The 50th Anniversary of the March on Washington
Today I walked with thousands of people from all over the country along a route filled with historical landmarks and present-day reminders of economic, racial and systemic injustice; -and of how far we’ve come, and how far we have to go. It was fifty years later, to the day, of the March on Washington in 1963. The main stretch of the 1.6 mile route took us down Constitution Avenue past the Dept. of Labor, the U.S. Courthouse, the Federal Trade Commission and the Dept. of (what passes for) Justice.
Students from a local D.C. school led the way.
At the head of the march was a group of students from the Washington Dupont Park Adventist School. It must have been quite an extraordinary day for them. Perhaps some of them will attend the one fifty years from now, much like the people they were marching right in front of. For, walking behind them, and perhaps just a tad slower than they had in 1963, was a line of seniors, arms linked, who had all been to the original march fifty years ago as children, college students, young adults and organizers. They braved the stormy skies and once again commanded Constitution Avenue; there for each other, there for those who could not be there. There for those who would come after. A sea of umbrellas and conversations followed, as the numbers packed the westbound lanes and spilled across the sidewalks.
Veterans of the 1963 March; up front in 2013.
Banana skater? Sketch experiment #5
I’ve been playing around with a new app I got, called Sketch (for Mac). The main things I’ll be using it for are to:
- Have a tool to make flat icons for websites (see image below)
- Create SVG’s (scalable vector graphics) that can re-size without pixellation on the curves
- Design header and logo elements for web sites
- Have a tool to muck about with creatively (see image at top)
While I’m finding out that learning to create with vector tools isn’t as intuitive of a process as I’d like it to be, it’s neat to have an app that can spit out the SVG code for me when I design complicated forms that in the past I would have to load onto websites as raster images.
It’s also one twentieth of what the traditional cost of entry for the industry standard (Adobe Creative Suite, or ACS) was before it switched to a subscription model this year. Up until now, I had found that the only reasonable alternative to ACS had been the excellent (and free) open-source app Gimp; which, although something I will definitely return to in the future, I had found to have too steep of a learning curve for a newbie.
4 screen-size flat icons merged into a single transparent .png with Sketch.
While Sketch is professional-level and suitable for general web design work, it is not a photo processing/editing tool, and is more akin to ACS’s Fireworks and Illustrator. So for working with photo images, maybe that’s what I’ll try to selectively learn to do with Gimp.
Of course, 90% of web designers and clients still work with Photoshop documents. That number isn’t going to drastically change anytime soon. But with easily affordable web design tools like Sketch, Gimp, iPhoto and Balsamiq Mockups, a starting web designer can still have a fighting chance without spending a small fortune (or having to buy a pirated or student copy of ACS).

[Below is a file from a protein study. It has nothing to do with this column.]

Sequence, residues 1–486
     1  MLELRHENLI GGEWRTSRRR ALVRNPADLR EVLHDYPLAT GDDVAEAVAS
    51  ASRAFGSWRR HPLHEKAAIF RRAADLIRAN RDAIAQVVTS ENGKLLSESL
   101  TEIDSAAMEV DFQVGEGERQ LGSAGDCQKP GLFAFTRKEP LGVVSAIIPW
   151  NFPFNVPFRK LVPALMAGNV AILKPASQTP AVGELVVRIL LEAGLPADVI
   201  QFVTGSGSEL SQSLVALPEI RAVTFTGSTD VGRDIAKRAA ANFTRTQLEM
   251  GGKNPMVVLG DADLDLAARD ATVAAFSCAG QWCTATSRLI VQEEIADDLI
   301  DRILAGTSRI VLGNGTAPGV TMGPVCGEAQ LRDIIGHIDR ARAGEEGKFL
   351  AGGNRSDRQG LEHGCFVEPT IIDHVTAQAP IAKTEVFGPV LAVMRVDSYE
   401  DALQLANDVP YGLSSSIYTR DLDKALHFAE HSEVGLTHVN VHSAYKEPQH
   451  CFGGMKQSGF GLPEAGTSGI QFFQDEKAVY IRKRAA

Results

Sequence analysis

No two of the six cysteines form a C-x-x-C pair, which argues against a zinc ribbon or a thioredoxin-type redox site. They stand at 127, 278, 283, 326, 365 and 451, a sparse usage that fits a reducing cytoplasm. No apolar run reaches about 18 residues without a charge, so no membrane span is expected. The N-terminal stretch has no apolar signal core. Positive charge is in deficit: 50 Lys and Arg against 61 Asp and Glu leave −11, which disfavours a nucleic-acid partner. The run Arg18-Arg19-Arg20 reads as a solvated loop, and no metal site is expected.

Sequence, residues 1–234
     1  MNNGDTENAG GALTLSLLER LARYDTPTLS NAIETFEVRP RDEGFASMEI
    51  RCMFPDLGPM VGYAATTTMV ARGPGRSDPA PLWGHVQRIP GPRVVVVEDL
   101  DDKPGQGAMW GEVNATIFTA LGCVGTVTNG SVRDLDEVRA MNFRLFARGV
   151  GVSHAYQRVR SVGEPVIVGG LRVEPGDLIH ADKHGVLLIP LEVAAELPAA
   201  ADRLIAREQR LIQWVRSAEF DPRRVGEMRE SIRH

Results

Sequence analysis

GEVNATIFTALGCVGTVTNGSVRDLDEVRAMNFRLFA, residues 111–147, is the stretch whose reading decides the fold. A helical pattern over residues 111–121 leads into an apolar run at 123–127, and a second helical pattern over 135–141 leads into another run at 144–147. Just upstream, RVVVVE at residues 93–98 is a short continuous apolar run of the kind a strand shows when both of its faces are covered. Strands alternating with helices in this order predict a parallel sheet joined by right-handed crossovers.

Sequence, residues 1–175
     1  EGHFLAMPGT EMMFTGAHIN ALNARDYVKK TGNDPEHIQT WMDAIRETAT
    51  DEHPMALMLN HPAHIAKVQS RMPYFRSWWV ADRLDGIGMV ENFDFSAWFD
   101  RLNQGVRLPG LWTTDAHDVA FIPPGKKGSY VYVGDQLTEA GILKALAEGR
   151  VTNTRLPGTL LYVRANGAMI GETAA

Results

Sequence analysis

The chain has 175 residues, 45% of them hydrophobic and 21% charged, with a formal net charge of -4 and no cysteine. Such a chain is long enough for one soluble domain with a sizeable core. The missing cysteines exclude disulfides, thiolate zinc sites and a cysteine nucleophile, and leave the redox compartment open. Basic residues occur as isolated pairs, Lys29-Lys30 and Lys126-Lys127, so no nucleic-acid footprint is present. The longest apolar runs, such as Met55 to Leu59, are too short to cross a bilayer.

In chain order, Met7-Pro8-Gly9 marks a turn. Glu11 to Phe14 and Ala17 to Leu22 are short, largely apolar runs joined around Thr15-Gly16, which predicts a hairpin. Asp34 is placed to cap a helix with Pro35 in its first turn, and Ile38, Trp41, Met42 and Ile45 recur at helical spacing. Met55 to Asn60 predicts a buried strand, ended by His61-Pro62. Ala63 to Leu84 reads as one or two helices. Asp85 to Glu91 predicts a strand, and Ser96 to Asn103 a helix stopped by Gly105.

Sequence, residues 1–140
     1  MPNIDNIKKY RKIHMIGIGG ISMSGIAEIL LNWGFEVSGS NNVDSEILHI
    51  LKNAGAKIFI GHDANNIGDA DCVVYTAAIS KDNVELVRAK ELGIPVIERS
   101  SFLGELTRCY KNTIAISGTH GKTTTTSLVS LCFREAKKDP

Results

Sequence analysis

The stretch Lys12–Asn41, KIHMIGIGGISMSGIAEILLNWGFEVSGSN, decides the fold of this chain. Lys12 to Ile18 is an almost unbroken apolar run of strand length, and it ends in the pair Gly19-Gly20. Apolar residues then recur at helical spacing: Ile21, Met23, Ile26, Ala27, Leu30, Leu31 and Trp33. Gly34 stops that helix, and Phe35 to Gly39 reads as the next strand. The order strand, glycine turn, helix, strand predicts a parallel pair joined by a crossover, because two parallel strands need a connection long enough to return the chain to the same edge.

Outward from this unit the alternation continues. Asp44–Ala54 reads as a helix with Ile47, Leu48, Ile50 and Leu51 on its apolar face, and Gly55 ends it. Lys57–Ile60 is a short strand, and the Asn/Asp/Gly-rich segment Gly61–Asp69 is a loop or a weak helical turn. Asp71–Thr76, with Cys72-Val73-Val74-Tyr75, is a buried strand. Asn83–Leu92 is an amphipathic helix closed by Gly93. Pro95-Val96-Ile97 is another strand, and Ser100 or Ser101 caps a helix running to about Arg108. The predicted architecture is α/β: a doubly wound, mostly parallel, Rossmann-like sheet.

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Haikyu asked, “Does the Buddha save living creatures or not?”
Obaku replied, “In actual fact, there are no living creatures for the Buddha to save.
There is no ‘I’, thus there is no ‘not-I’ (other).
Neither Buddha nor living creatures exist.”
* * *
Just a quick update to let you know that my six-month immersion in web des/dev and WordPress theming education is nearing its end and I should get back to posting a bit more regularly come July. I’ve really enjoyed my time at Treehouse and will continue to study there part-time as the summer and fall progress. I would highly recommend it to folks of all ages looking for a fresh start in a web design, app design or coding-related career track. (If you click on their ad in the sidebar you can get 50% off your first month.)
Some of the Treehouse modules I’ve been studying…
That also means I’ll be able to re-visit a few of my sites and start re-designing them for some better UX, and start building WordPress themes from scratch. Woo hoo!
In other developments, I’ve landed a summer position assisting Firedoglake reporter Kevin Gosztola and the staff at FDL, where I hope to put to good use some of my newfound WordPress and design skills, helping them as an archivist, reporter’s assistant and generally pitching in with any help needed on their website.
And on 6/24 I get to fulfill a decades-old wish to see the guitarist Mick Taylor play a few numbers with his old band (a British blues-rock outfit you may have heard of). That’ll be really exciting because listening to Taylor’s records/cd’s was how I learned to play slide guitar.
So there’s a lot of neat stuff to look forward to over the summer, and I thank any returning readers for their patience during the last few months when our content output kinda slowed to a drip.
* * * *
“To a Buddhist there is no far or near,
no enemy or foreigner, no renegade or untouchable,
since universal love realized through understanding
has established the brotherhood of all living beings.
A real Buddhist is a citizen of the world;
regarding the whole world as his motherland
and all as his brothers and sisters.”
-Ven. Narada in his work Buddhism in a Nutshell
* * * * *
While I’m still in shock that we have at least two senators that actually ‘get it’, it’s still depressing that we have more than seventy (I’m simply being kind) who don’t. Throw in several generations of industry insiders taking over regulatory roles, embedded corporatists throughout our judicial system, news agencies and government, and it’s a wonder that government hearings on accountability even happen.